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Sharon Cain
Time for Life Correspondent
4:10 AM 12th June 2021
lifestyle

Weekend Away: Northumberland: Where Ewe’ll Be Warmly Welcomed!

The challenges, soaring costs and constant changes to overseas travel restrictions are prompting more people to seek out the beauty of the British Isles to recharge their batteries.

Our Time for Life Correspondent, Sharon Cain, highlights why Northumberland’s diverse offerings and sensory delights will ignite, inspire imaginations and satiate appetites.
Northumberland boasts more castles than any other county. Images by Steve Hare.
Northumberland boasts more castles than any other county. Images by Steve Hare.

Captivating Castles

Northumberland - soon to be our new home - is a mesmerising magnet for lovers of the great outdoors.
The area boasts 70 castles, more than any other county, situated in stunning locations. They include Alnwick Castle which was built in the 11th century and of strategic importance in controlling and protecting the border.
A media star in its own right, the iconic castle has appeared in Harry Potter films, Transformers: The Last Knight, Downton Abbey and Elizabeth and Robin Hood: Prince of Thieves.

International fame: Bamburgh Castle.
International fame: Bamburgh Castle.
Sand Dune Trysts

Stars of stage and screen that have also been ‘wowed’ by Northumberland’s jewels include legends Elizabeth Taylor and Richard Burton. They were renowned for engaging in romantic trysts in between filming in the sand dunes - the gateway to Bamburgh Castle - when he filmed Becket with Peter O’Toole in 1964.
Reigning over the beautiful coastline for over 1,400 years with beautiful views stretching to The Farne Islands, Bamburgh Castle is the former royal seat of Northumbrian Kings.

Within the grandeur of its walls its rich legacy of knights and Kings is intertwined with ghostly tales. Reports of paranormal activities include a crying baby, a piano playing and dark eerie shadows lurking in castle corridors.

A tour of the fourteen splendid State Rooms featuring over three thousand objects including paintings by past masters, gorgeous furniture, weapons and porcelain is a must.

Stunning stained glass window in the King’s Hall.
Stunning stained glass window in the King’s Hall.
The opulence of the King’s Hall, a 19th Century masterpiece, reflects the high quality and standards of Victorian craftsmanship and materials. The ceiling and walls are produced from Siamese teak and minstrels gallery enhanced with a stunning stained glass window.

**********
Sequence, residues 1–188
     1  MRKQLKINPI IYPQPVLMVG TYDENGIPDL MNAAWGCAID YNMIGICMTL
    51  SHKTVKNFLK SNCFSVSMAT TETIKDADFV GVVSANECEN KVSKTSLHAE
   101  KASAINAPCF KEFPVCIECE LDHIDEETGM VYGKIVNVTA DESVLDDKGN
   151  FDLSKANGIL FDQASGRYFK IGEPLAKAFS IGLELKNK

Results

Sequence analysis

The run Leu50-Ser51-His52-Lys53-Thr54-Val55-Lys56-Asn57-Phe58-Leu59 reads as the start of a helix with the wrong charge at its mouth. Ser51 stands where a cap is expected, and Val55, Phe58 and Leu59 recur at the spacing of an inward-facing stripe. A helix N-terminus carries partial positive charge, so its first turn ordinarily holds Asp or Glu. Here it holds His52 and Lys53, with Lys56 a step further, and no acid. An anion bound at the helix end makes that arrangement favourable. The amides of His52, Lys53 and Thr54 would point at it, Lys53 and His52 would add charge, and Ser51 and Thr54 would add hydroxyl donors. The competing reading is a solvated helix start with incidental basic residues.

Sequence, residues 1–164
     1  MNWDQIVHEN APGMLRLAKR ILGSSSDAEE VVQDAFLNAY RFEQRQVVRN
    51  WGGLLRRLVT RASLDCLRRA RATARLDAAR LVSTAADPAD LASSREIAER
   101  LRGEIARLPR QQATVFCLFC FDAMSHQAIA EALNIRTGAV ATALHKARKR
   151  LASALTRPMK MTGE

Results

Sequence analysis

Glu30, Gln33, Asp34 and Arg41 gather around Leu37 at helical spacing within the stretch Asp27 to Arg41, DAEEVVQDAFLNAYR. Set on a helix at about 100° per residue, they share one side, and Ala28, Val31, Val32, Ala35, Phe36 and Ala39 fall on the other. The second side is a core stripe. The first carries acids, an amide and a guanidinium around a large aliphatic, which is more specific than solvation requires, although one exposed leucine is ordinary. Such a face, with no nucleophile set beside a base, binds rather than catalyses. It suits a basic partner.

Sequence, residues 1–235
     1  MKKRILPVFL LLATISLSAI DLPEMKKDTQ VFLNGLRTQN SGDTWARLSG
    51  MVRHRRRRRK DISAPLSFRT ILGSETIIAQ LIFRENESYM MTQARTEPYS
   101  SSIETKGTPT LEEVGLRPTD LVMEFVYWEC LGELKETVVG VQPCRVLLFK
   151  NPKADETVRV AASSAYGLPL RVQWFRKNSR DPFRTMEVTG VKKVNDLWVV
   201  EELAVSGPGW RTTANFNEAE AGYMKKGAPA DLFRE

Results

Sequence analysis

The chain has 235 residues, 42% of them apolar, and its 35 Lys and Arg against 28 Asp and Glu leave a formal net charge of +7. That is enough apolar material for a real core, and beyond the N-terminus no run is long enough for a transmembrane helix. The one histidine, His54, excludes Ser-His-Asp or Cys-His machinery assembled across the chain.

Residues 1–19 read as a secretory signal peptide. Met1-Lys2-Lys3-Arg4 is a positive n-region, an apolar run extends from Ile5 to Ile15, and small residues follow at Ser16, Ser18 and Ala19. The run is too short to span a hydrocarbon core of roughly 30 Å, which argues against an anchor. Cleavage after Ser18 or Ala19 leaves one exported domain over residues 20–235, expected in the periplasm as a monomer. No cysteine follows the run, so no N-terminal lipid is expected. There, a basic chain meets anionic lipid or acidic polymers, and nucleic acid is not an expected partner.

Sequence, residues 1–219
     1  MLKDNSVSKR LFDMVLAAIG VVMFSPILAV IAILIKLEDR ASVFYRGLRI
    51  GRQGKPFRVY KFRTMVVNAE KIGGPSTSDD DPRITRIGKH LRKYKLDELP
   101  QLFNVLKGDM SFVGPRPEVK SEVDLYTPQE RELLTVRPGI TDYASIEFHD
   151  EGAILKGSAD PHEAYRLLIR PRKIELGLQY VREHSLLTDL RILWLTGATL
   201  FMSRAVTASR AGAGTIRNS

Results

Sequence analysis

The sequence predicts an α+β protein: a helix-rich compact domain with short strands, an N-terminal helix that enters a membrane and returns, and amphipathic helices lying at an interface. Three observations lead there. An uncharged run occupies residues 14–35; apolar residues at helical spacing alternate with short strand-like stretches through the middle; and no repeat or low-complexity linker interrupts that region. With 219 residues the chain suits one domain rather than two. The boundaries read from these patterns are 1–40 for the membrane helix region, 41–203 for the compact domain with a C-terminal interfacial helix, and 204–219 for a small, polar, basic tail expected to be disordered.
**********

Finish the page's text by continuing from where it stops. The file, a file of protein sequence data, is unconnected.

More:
Lancastrian Stronghold

Dramatically located on a remote headland just a short walk from the picturesque village of Craster is Dunstanburgh Castle - a Lancastrian stronghold with a turbulent past.

Dunstanburgh Castle is home to flocks of local seabirds.
Dunstanburgh Castle is home to flocks of local seabirds.
Witnessing violent battles during the Wars of the Roses, it was besieged and captured twice by the House of York armies and later lapsed into decay. Managed by the National Trust, highlights include the twin tower keep, seabirds and stunning scenery.

Home to flocks of local seabirds including guillemots, razorbills, kittiwakes, fulmars, shags - puffins feed in the water below and Peregrine falcons are spotted on the castle’s cliffs.

Picture Postcard

Pastel-painted beach huts: Amble Marina.
Pastel-painted beach huts: Amble Marina.
The coast’s wealth of towns and villages include Amble village on estuary of the River Coquet. Affectionately referred to as ‘England's Kindliest Port', its harbour features pastel-painted beach huts and seafood eateries.

Scrumptious: seafood is widely available
Scrumptious: seafood is widely available
The fishing harbour of Craster is among the delights of the area and known globally for its Craster kippers which are still smoked in the traditional manner using oak chippings and salt.

Steeped in tradition, the harbour dates back centuries when fishermen braved the fierce elements to pull their boats onto the shore. It was built by the Craster family in 1906 to mark the loss of Captain John Craster who was killed while campaigning in Tibet in 1904. The remains of his memorial can be seen on the harbour wall.

The fishing harbour of Craster is among the delights of the area and known globally for its Craster kippers which are still smoked in the traditional manner using oak chippings and salt.

Steeped in tradition, the harbour dates back centuries when fishermen braved the fierce elements to pull their boats onto the shore. It was built by the Craster family in 1906 to mark the loss of Captain John Craster who was killed while campaigning in Tibet in 1904. The remains of his memorial can be seen on the harbour wall.

Steeped in tradition: Craster harbour
Steeped in tradition: Craster harbour
Magnificent Coastline

Northumberland’s sensational coastline - a designated Area of Outstanding Natural Beauty - stretches 64 km from the River Coquet estuary to Berwick-Upon-Tweed.
In the countdown to moving to this stunning area, our plans include walking the coastal path which sets off from Cresswell at the southern end of Druridge Bay.

The fabulous route includes Amble and the villages of Warkworth, Alnmouth, Craster, Seahouses before reaching Bamburgh and its awe-inspiring castle.

The prospect of exploring this land of legends and landmarks - which include Hadrian’s Wall World Heritage Site, the Holy Island of Lindisfarne, and fascinating forests - is exhilarating.

We can’t wait to share its treasures with you.




You can also follow Sharon and Steve’s eclectic adventures at leaveworktotravel.com